The Hope of Belief

“Catch me Granny!” Have you ever walked into a room, and you see your child or your grandchild running up the middle of the dining room table, leaping, without hesitation, into mid-air and calling out with uninhibited confidence “catch me!” You gotta’ catch that kid.

The image we have selected to accompany this article beautifully captures in pictorial form what the hope of belief is. So, wander with me through the next few paragraphs as we explore this leap of faith and the hope of belief a little further.

Why does the child take such a leap and yell “catch me”? You will notice the child doesn’t stand there and contemplate the principles of gravity or calculate the possibility that the spontaneous leap could be met with an unpleasant, jarring thud on the solid surface below if the person they are jumping to doesn’t catch them. So, why do they leap and call “catch me”?

Firstly, the child trusts in the person who is catching them. The relationship is safe and sure. They know the person as genuine, true, reliable and able to catch them. Their confidence is based on the consistent character of the person they are leaping toward.

Hebrews 11 outlines the basis of our faith that builds a solid foundation of belief and generates confident hope. It is not a blind, unfounded faith. It is anchored in the authentic, faultless character of God and the relationship He establishes with His children. The story of God in relationship with His people shows us who God is and His faithfulness to “catch us” in all areas of our lives. The hope of belief is never a leap in the dark but is rooted in God. As Augustine says “So by fixing our hope up above, we have set it like an anchor on firm ground, able to hold against any of the stormy waves of this world, not by our own strength but by that of the one in whom this anchor of our hope has been fixed. Having caused us to hope, after all, He will not disappoint us, but will in due course give us the reality in exchange for the hope.”[1]

Hope is birthed because of who God is and becomes a living hope when we “leap” by faith into the faithful arms of our God who never fails to catch us. We know and believe who God is and appropriate hope through faith and belief. The child leaps because they know and believe in the person who is catching them, and their hope has a firm foundation in the context of a secure and dependable relationship that is undergirded by the promise to be their strong tower and to catch them when they jump. From the perspective of the one who is doing the catching, their heart is always set on catching the child no matter what. I’ve never once not caught my grandchildren when they leap. I dare not and sometimes it costs me, but I can never afford for it to cost them. I believe that God is like that with us. He would never dare not to catch us because it would be against His true character.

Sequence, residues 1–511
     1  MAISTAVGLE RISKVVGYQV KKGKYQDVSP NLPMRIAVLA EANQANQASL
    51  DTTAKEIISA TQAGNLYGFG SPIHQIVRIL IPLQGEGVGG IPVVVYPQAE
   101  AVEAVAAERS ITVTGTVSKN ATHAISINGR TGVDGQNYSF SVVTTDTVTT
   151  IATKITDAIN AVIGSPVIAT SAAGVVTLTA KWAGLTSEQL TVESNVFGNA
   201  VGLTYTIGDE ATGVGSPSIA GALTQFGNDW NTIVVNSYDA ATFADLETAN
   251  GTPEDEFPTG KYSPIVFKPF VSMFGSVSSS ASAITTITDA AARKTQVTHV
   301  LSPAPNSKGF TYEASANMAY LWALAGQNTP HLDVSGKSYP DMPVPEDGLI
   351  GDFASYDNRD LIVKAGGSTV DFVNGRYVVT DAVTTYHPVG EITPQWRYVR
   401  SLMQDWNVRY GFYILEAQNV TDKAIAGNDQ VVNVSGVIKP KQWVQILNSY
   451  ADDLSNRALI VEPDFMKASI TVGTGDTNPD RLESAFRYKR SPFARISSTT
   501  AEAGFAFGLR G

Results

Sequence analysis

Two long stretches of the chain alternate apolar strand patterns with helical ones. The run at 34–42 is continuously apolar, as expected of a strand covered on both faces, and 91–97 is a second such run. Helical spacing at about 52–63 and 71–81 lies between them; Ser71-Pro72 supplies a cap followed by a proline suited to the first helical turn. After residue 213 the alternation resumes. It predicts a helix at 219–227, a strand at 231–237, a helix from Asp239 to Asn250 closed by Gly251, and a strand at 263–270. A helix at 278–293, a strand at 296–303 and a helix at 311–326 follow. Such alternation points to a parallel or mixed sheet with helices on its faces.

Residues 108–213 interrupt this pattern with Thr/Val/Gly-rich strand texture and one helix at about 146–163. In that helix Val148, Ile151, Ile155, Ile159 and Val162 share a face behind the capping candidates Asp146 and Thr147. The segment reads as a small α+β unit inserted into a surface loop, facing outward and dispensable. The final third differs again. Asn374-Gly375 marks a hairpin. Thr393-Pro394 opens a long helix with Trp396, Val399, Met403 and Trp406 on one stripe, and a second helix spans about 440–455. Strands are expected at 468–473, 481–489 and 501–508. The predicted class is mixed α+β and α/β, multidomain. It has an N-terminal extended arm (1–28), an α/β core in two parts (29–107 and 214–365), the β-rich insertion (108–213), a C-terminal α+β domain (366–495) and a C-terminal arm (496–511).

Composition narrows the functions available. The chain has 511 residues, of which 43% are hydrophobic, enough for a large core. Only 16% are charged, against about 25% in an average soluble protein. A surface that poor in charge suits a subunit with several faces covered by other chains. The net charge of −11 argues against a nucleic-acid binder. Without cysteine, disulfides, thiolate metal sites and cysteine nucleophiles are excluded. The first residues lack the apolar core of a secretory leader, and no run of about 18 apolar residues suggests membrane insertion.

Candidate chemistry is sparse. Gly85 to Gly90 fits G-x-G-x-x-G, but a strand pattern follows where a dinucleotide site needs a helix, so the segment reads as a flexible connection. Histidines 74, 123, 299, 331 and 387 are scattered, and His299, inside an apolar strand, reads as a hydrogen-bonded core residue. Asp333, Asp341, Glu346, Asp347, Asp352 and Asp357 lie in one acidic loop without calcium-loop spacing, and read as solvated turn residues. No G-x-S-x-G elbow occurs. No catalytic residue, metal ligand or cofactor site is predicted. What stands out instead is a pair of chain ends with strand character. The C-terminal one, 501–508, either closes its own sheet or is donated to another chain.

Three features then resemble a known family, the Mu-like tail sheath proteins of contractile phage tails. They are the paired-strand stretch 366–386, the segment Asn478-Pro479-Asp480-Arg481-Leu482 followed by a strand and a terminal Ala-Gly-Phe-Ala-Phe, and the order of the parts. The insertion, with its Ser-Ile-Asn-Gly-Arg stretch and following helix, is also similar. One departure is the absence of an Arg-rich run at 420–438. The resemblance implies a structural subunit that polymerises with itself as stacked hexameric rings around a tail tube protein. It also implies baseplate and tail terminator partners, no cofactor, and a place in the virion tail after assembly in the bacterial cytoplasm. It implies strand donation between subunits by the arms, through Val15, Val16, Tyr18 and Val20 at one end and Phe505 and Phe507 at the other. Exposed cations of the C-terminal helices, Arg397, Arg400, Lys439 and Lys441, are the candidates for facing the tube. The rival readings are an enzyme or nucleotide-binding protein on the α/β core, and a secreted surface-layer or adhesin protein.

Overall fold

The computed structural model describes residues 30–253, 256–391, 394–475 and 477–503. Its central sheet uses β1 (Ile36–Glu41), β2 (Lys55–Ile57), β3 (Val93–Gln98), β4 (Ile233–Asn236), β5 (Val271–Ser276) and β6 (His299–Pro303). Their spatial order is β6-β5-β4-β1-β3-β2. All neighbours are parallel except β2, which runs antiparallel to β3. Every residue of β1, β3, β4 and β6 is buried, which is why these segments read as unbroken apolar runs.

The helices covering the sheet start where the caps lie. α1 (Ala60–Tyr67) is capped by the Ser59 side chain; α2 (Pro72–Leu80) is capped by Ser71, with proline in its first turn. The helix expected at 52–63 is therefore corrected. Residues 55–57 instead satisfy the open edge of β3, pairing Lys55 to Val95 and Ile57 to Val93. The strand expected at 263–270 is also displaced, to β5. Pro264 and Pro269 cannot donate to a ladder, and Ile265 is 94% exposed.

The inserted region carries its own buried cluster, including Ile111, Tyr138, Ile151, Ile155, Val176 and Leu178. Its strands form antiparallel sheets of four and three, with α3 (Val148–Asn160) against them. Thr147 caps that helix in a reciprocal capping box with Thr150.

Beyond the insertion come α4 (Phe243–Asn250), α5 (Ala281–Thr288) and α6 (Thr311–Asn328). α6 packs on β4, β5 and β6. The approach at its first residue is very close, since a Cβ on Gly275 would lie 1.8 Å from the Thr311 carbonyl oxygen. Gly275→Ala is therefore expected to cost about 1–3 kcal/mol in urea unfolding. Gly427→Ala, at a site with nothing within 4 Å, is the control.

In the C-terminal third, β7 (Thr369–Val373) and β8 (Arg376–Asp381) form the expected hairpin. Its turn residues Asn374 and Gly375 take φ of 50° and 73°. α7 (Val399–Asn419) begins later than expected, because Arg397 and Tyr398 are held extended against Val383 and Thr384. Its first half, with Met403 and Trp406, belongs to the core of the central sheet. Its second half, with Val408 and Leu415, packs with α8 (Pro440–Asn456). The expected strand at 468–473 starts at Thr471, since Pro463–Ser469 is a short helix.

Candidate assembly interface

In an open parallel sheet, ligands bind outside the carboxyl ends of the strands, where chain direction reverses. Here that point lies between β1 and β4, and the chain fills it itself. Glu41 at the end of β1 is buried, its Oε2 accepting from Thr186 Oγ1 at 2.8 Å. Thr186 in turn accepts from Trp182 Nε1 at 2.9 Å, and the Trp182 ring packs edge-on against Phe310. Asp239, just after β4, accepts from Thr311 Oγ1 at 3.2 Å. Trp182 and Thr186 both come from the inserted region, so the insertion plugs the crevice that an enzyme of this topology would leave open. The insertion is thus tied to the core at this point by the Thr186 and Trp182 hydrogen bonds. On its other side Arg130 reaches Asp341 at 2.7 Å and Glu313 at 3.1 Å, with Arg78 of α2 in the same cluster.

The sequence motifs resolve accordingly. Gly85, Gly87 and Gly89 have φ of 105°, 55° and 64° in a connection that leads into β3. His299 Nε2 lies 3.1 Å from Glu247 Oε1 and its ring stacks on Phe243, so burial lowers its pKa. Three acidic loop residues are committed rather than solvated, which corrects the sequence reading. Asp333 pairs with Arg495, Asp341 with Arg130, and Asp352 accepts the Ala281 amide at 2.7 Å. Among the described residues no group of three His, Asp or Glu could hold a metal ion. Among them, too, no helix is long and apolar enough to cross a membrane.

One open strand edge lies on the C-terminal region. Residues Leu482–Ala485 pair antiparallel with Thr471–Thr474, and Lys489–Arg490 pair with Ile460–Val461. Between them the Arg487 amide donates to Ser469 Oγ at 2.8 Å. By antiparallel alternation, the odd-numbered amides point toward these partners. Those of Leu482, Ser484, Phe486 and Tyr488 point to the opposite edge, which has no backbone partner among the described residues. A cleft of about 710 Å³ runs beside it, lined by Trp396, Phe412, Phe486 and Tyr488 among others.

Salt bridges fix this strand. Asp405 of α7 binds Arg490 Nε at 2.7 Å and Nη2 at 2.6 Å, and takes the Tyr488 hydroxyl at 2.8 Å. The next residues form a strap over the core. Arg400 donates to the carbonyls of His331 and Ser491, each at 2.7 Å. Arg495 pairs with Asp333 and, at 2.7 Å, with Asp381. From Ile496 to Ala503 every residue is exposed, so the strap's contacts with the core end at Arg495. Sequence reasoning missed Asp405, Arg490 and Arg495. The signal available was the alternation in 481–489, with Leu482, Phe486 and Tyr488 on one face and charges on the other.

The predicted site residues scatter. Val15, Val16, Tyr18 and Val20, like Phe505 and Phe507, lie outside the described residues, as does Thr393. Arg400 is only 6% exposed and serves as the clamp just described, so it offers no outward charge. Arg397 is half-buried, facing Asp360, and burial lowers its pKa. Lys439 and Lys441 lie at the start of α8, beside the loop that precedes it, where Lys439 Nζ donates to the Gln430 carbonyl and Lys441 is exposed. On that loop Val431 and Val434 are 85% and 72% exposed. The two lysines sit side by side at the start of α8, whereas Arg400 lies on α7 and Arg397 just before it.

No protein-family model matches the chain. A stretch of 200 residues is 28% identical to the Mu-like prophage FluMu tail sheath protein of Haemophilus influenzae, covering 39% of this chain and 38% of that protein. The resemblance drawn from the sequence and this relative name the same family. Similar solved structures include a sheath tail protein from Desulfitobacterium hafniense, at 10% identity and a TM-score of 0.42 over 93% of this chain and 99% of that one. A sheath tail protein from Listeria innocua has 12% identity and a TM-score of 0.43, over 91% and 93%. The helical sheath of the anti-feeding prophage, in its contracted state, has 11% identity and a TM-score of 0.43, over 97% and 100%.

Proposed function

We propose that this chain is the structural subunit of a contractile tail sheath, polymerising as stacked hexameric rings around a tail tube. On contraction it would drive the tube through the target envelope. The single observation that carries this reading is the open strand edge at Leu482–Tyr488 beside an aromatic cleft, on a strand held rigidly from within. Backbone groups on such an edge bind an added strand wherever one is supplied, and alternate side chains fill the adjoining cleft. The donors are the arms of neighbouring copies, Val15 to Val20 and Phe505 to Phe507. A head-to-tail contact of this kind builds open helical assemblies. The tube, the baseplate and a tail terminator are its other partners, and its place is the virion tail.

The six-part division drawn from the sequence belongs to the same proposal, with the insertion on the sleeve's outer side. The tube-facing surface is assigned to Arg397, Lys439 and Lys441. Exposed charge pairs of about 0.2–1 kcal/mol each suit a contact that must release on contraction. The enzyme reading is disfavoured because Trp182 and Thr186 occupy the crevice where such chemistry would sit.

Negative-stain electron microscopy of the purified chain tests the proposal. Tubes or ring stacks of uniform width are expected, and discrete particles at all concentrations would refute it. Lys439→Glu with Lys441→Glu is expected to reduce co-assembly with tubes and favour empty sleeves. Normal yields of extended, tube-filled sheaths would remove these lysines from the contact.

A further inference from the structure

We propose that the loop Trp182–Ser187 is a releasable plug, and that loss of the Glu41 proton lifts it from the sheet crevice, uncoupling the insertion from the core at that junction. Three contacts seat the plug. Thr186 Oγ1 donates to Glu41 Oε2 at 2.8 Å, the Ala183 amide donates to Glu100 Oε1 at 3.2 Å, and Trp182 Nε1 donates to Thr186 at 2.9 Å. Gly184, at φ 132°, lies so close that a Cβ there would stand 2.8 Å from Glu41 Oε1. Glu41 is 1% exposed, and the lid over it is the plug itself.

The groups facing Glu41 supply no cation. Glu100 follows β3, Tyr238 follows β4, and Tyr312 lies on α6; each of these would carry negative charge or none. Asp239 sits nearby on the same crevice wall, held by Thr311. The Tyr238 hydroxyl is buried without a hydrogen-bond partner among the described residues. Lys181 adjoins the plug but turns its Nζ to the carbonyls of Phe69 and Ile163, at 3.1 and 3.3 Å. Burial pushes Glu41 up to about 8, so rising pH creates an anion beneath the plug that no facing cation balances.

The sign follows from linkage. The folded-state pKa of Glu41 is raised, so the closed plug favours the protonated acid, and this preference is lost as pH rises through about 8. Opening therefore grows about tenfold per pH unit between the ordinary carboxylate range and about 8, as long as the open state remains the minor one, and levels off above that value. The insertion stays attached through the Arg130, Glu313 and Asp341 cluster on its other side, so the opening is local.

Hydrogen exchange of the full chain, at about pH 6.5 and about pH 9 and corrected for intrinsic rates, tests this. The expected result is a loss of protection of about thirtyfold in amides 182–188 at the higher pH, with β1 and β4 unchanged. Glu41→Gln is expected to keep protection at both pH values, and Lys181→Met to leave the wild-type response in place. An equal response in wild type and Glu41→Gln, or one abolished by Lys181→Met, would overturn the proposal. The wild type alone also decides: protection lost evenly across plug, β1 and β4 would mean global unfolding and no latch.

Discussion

Secondly, when a child jumps and calls “catch me”, it is about the focus of the child when they leap. Their belief in the adult fuels their hope and trust of being caught. The eyes of the child, as seen in this image above are locked on the eyes of the father. It is the same when my grandchildren leap. They fix their eyes on me; on my eyes, eyeball to eyeball with the one they hope in. Nothing is distracting or deterring the child from jumping. They are not doing a lateral sweep of what surrounds them or scanning the potential dangers. The child leaps with laser like focus on the one they believe will be there to catch them in that critical moment of action. Their hope is sure and comes from their belief in and their knowledge of the character and capability of their father or in my case their Granny. They are focused and unswerving in their gaze. That’s not because the child is good at focusing. It’s because the father or the person who is going to catch them creates in the child the ability to focus and the confidence to jump.

We live in a world where distractions are trying to grab us by the hand and lead us into an impoverished faith by averting our attention and undermining our confidence in God. We can be tempted to shift our gaze off the Father and on to our circumstances. But to “jump” in faith and hope is to believe in the Father and to set our attention on Him.

As we recall the grandest distraction of all time that took place in the Garden of Eden, we are reminded that we must keep our eyes always fixed on Jesus, with singular focus. If history has taught us anything, it is that only Jesus is worthy of our gaze and only Jesus is truly able to catch us in every circumstance of life. Hope comes when our belief is anchored in the truth that our Father who will never fail us will always spread His arms and catch us.

Finally, when my grandchildren leap off a table and call “catch me Granny”, and I do catch them, there are shrieks of joy and elation as they sit content in my arms and snuggle into that safe space, even if it only lasts a few seconds. Not only does this create a greater bond, but their confidence in me also grows and confirms their belief and shapes their hope that next time they want to jump I will catch them again. So it is with our heavenly Father, the more we leap to Him in faith and belief, the more our hope is fuelled and bursting with confidence that God is always who He says He is and will always do what He says He will do.

So, friends, the hope of belief is that we can leap to the Father in unwavering trust, not because we muster up the ability to jump but because the Father will always catch us when we do. That is the hope of belief.





[1] Saint Augustine (Sermon 359A, 1-4). Sermons 341-400 (